And early starts does provide enough time for sports and other activities with “the assumption was if kids got up earlier, they’d fall asleep earlier,” said Prestwick.
“And that is the problem! It’s not true,” she said.
But obstacles remain; costs to find additional buses, before and after programs, afterschool jobs, parents morning and afternoon schedules and teachers hours “will need to be juggled and shifted.
There have been districts that have successfully changed start times that included shortening classes by five minutes, have an original bus schedule and rescheduling teacher meetings to the morning before school.
It could also mean “flip-flopping” elementary school start times with the high school, but Prestwick wouldn’t want K-4 pupils heading to school before 8 a.m. for safety reasons.
Just a few months since forming, the group is seeking School District Superintendent John Phelan and the six-member Belmont School Committee “to get on board with the idea because they are incredibly important.”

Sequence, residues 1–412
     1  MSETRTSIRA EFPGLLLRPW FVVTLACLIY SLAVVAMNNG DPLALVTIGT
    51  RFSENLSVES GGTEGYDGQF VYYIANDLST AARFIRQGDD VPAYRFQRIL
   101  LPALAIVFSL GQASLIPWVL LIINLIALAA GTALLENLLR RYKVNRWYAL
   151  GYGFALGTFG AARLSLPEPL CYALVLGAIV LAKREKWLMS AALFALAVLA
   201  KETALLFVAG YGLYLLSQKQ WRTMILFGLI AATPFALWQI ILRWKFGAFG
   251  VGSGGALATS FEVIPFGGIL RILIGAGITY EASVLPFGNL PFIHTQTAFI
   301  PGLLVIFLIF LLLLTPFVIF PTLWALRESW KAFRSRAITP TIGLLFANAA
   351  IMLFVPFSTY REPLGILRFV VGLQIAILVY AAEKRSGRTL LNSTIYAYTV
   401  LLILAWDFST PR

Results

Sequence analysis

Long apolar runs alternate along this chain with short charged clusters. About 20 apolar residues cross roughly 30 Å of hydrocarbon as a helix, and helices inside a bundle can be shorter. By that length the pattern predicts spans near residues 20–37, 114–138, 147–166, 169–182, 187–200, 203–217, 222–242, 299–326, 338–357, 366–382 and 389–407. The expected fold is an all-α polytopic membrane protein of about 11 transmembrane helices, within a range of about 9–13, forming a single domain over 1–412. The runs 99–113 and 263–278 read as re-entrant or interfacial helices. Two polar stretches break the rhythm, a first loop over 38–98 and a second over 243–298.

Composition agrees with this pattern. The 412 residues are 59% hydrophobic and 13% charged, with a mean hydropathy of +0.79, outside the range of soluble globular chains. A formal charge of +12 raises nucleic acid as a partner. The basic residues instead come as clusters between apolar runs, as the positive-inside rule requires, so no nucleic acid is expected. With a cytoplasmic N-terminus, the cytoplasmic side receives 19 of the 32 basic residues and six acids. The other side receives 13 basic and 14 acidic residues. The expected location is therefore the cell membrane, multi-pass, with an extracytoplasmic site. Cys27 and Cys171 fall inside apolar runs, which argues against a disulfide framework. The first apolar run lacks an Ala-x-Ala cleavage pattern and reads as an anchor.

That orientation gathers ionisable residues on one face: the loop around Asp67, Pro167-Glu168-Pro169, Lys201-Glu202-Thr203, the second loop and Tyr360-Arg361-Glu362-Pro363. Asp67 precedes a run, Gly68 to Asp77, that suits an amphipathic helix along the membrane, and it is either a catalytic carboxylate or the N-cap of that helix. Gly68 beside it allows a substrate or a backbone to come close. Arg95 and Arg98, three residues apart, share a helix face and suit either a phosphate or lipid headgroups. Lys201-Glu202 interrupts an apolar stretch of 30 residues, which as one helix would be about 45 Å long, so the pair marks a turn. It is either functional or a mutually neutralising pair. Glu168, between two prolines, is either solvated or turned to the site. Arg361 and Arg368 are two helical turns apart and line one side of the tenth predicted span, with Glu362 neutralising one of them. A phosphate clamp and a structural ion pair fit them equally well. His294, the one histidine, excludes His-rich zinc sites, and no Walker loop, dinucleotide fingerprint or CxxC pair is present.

“There has to be gentle but persistent pressure on the committee members and superintendent that this has to be a priority and this needs to be done, not next year, not next month, not next week but now,” she said.
Start Later would like to see a task force created that includes all stakeholders – teachers, athletic boosters and coaches, parents, administrators, and students – with very specific directions to find alternatives to the status quo such as a minimum start time of 8:30 p.m. for highschoolers.
But most important part of Start Later’s mission is educating the public.
“If you ask people if they think that schools should start later they’ll say no. ‘Why change?’ they’ll ask. It’s great for our schedule and for athletics’,” said Prestwick.
“But if you explain the harm this is doing to our kids, then they are much more likely to say, ‘Oh well. Maybe we should shift it’,” she said.
“It is complicated, but it’s possible, it’s doable. It’s a challenge but a challenge that is vital to take on,” she said.